Gardeners can send themselves a colorful spring gift with just a little effort this weekend.
September is bulb planting time.
The Netherlands Flower Bulb Information Center in New York estimates Americans plant nearly 1.5 billion bulbs each year. And one of the best features is bulbs may be planted deep enough to allow annuals to be planted later as those vibrant spring flowers fade.
Most common bulbs may be multi-hued tulips and bright yellow daffodils. But bulbs offer a variety of blooming spring plants that vary in size, shape and color. Bulbs are suitable for garden beds, rock gardens and work as singles or mass plantings. Some lakes area residents have more than 100 tulips in a bed that accents the summer vegetable garden nearby.
The Netherlands Flower Bulb Information Center reports the biggest mistake novice gardeners make is in planting single bulbs instead of clustering flowers for maximum color effect.
In fact, the center suggests putting bulbs in a circular group for a "charming bouquet effect" or using a triangle pattern to "fool the eye into seeing more flowers" than are actually planted. If using the triangle form, gardeners are advised to put the narrowest point toward a favorite viewing position with the broad expanse toward the back.
A look at any number of tulip bulb providers will give novice gardeners an idea of the incredible variety in tulip colors and even petal shapes -- some mimic a peonies-type blossom.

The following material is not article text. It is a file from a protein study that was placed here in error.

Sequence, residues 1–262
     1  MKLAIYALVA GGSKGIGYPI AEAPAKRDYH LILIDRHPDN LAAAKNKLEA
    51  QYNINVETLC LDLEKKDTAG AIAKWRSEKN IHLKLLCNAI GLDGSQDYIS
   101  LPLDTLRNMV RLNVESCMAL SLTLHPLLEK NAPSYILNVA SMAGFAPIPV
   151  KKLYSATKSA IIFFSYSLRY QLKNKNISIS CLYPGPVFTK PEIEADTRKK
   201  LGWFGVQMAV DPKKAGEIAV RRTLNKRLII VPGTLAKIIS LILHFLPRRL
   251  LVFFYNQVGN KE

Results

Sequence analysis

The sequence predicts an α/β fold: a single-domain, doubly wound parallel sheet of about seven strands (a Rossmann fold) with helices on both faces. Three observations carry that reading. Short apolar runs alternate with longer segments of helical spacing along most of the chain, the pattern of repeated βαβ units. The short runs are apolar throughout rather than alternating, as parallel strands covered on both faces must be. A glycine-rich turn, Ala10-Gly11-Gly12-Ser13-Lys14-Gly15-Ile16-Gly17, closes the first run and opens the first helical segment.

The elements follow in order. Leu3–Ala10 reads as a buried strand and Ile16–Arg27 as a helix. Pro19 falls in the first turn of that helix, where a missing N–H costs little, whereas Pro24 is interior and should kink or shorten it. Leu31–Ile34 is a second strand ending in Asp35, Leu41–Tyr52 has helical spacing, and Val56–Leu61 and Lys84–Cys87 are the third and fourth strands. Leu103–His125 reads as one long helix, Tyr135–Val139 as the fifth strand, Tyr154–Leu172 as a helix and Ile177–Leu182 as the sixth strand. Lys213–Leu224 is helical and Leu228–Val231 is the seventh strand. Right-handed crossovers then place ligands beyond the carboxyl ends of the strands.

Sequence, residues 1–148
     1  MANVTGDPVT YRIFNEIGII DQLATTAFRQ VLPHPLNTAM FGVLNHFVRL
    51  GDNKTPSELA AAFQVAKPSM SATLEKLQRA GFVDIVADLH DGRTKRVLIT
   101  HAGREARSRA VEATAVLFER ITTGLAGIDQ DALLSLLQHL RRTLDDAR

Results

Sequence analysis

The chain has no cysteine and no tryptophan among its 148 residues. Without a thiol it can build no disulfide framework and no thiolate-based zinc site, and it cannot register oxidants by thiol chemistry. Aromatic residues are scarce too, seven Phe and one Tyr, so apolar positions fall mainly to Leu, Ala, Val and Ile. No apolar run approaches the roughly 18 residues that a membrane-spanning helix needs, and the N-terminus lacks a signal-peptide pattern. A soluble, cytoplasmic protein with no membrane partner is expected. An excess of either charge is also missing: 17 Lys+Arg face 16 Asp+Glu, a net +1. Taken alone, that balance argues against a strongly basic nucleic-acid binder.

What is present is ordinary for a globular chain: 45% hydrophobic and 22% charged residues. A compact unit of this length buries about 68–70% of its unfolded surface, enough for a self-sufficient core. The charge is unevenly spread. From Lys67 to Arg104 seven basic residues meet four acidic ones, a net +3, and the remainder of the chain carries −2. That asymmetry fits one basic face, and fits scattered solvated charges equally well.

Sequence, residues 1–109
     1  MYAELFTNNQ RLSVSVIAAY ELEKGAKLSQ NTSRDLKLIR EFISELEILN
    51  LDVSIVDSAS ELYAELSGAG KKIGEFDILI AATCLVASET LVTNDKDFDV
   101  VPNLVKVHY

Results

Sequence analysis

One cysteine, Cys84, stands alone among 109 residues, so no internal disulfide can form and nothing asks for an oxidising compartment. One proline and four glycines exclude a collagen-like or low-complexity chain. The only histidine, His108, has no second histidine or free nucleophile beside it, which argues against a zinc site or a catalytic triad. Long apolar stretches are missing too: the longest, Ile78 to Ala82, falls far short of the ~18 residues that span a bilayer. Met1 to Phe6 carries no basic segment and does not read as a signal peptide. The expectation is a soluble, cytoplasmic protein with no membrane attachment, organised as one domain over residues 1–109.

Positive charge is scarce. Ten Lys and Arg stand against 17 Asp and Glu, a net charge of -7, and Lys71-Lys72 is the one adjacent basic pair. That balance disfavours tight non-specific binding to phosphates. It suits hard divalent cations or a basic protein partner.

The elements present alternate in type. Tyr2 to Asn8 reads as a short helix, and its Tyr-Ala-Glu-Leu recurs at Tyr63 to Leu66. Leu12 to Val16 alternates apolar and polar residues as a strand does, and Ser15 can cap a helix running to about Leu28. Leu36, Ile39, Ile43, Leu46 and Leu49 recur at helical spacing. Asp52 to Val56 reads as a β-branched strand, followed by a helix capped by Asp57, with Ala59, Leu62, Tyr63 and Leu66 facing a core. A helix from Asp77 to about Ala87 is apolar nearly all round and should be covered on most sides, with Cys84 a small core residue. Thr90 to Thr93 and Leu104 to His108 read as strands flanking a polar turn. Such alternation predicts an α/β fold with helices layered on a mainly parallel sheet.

Next spring, after the flowers fade, it is important to remember to leave the bulb's leaves in place even after the flower is gone. The leaves use photosynthesis and transmit food back to the bulb enabling it to bloom again the next season.
Large bulbs should be planted about 8 inches deep, and small bulbs 5 inches deep to bloom in spring. These are scilla siberica.
The Netherlands Flower Bulb Information Center put together a list of what its experts in Holland considered the best of special bulbs. Some will not work for our area as they are not hardy enough for a Minnesota winter. Lakes area gardeners should look for bulbs designed to thrive in the U.S. Department of Agriculture's ranking of zone three, where the average low temperature can range from 30-40 degrees below zero. Zone four is considered areas with an average low temperature of 20-30 degrees below zero.
Experts at dutchbulbs.com suggest there may be some wiggle room. A gardener may find a sunny, protected south wall, which protects plants and allows more options in zone hardiness.
A comprehensive hardiness map is available online at Better Homes and Gardens Web site -- www.bhglive.com. Click on the "Garden" link on the main page and from there go to zone maps. The site has a downloadable map of each state down to the county and the typical average cold temperatures.
All but the northwest section above Brainerd and Baxter in Crow Wing County and a swath through southern Cass County is considered in the 30-35 below zero range. Those other sections are a little colder at 35-40 degrees below zero on average.
Many online gardening sites, including Better Homes and Gardens, have tips on how to plan a garden and spring bulbs guides.
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